Coping psychologically with a long series of losing trades
Hopefully we’ve already identified the times when our trader should stick with their trading method as part of their plan and when to abort that method, but how to cope with a series of deep losses in series can prove to be tricky on our trader’s psyche. However, conducting a quick check-list vis a vis the trading plan can identify if the losses are in keeping with a normal random distribution of wins and losses, or are they an ‘outlier’ result caused by our trader’s poor methodology.
Our trader needs to ask themselves a crucial question; “has the series of losses still kept within the trading plan?” For example, if our trader was risking 0.5% account size per trade in the examples we’ve used earlier, of the 20 pip loss or gain 1:1 trading method that we described, then a series of losses at full risk would see our trader lose 5% of their account balance. Given the nature of low time frame trading that loss could be incurred in a single day as it’s not unusual to take ten trades over two sessions in a trading day. This would almost certainly flag up that there is an issue with the trading method of the plan.
Our trader may have built into their trading plan a ‘circuit breaker’; they’d not tolerate losses of perhaps 2% per day without stopping trading on that day in order to allow them the opportunity to psychologically recover from the losses. Our trader may have extended that circuit break straddling over two days; losses of two percent account balance on consecutive days, 4% total, could be the point at which the current strategy is abandoned.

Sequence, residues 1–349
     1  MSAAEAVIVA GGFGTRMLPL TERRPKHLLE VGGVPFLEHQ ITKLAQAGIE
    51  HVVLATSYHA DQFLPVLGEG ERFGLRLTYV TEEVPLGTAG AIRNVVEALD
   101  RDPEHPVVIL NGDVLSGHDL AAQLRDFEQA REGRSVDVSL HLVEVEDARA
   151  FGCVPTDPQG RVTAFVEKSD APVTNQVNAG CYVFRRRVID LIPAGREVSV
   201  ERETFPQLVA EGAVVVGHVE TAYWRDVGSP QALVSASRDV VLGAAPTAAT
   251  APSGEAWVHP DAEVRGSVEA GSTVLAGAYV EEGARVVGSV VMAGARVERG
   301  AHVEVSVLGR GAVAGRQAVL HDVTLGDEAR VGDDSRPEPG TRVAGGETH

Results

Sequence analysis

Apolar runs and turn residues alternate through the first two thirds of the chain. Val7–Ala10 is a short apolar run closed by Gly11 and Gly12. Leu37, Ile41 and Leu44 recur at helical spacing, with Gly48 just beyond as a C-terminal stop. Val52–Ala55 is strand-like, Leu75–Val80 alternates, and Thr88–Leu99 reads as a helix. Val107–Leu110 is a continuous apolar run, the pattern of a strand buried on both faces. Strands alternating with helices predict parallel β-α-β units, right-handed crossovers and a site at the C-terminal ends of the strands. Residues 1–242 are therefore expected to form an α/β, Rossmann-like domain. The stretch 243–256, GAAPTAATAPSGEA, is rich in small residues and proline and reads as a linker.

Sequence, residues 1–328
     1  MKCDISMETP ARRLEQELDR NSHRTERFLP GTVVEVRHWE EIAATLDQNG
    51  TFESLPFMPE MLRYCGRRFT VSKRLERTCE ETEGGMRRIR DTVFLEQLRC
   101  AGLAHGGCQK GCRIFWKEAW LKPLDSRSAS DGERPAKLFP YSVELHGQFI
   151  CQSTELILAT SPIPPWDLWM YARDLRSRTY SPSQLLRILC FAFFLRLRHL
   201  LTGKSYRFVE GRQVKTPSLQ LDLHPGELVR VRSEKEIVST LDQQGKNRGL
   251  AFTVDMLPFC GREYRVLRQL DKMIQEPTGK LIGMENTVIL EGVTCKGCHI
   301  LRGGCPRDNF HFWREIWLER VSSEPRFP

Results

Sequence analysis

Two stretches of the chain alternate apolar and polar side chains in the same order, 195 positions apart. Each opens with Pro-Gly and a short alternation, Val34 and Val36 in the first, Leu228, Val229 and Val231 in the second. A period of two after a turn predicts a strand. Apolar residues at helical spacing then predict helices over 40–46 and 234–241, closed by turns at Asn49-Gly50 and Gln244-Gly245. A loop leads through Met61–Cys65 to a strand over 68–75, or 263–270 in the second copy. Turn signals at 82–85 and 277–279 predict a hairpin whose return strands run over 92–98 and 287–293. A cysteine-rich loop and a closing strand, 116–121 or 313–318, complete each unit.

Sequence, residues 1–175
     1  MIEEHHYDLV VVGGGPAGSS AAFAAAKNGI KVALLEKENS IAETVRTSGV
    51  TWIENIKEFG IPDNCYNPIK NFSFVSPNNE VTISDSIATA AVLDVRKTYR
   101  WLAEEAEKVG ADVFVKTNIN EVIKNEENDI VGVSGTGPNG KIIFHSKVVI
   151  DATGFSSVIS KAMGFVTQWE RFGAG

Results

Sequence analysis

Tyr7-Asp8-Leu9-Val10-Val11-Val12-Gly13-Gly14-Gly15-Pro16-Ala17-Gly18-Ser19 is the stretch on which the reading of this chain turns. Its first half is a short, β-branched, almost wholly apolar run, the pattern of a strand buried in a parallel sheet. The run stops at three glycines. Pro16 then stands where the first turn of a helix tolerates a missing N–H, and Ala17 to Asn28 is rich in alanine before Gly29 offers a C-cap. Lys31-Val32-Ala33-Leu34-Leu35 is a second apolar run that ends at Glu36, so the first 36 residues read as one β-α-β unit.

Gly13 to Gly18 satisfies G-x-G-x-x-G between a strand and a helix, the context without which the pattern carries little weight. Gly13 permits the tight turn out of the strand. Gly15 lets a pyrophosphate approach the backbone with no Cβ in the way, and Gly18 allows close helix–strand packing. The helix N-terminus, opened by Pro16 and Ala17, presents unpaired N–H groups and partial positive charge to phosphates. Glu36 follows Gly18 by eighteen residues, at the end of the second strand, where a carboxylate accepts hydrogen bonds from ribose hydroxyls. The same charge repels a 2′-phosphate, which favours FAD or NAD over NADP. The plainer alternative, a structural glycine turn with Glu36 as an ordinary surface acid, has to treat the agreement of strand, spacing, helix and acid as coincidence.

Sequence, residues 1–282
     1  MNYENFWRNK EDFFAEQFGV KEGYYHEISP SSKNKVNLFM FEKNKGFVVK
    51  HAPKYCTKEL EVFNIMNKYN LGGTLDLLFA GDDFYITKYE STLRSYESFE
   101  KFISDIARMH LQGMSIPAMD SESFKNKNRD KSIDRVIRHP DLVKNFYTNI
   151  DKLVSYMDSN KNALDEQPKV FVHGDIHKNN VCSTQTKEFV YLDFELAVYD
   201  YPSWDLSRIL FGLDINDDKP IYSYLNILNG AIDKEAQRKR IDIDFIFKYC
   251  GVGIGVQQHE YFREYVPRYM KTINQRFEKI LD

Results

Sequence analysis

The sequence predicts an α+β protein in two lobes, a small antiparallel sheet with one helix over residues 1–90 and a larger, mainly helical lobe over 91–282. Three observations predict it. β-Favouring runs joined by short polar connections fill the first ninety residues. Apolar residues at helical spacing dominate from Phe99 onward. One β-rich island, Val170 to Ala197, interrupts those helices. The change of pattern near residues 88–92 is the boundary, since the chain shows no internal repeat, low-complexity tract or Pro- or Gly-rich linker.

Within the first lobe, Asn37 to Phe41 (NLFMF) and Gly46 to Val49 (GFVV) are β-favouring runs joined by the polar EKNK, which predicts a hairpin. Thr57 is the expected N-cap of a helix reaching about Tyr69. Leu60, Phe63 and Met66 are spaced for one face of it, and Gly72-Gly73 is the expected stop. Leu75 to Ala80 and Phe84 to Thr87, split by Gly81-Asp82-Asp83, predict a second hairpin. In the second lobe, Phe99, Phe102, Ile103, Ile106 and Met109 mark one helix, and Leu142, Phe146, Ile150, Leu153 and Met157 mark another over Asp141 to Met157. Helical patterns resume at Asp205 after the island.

However, in the series of ten losses, if there is a fairly random breakdown and distribution of the losses, then our trader may have not experienced the full risk loss of 20 pips on each of the ten losses. For example; they may have lost 4 trades close to break even, two actually break even and four losses. But even those losses may not be at the full 20 pip loss each time as a trailing stop, dynamic or otherwise helped limit the losses considerably. Therefore they’ve perhaps only lost 60 pips as opposed to a full 200 pips and a loss of 1.5% account size versus 5% is a significant difference.
Never overlook risk, position size and money management
So, as we’ve clearly demonstrated it’s not just the actual method that’s important in judging whether or not our low time frame trading method, or fire and forget ‘levels’ trading method is working according to plan, money management/risk/position sizing is (as always) equally important.
As we’ve clearly demonstrated with the effective use of stops and only risking a modest amount per trade, our trader’s losses can be kept to a minimum. This also delivers the indirect benefit of allowing our trader to decide if the method still needs changing over a much longer series of trades, even if that method did incur a maximum number of losers. For example if sticking to a 5% loss tolerance before changing methods, in order to definitively determine if the method is wrong, our trader could perhaps experience thirty losing trades over a thirty trade period, and without a doubt the longer the trade evaluation time period the better our trader can judge his current method.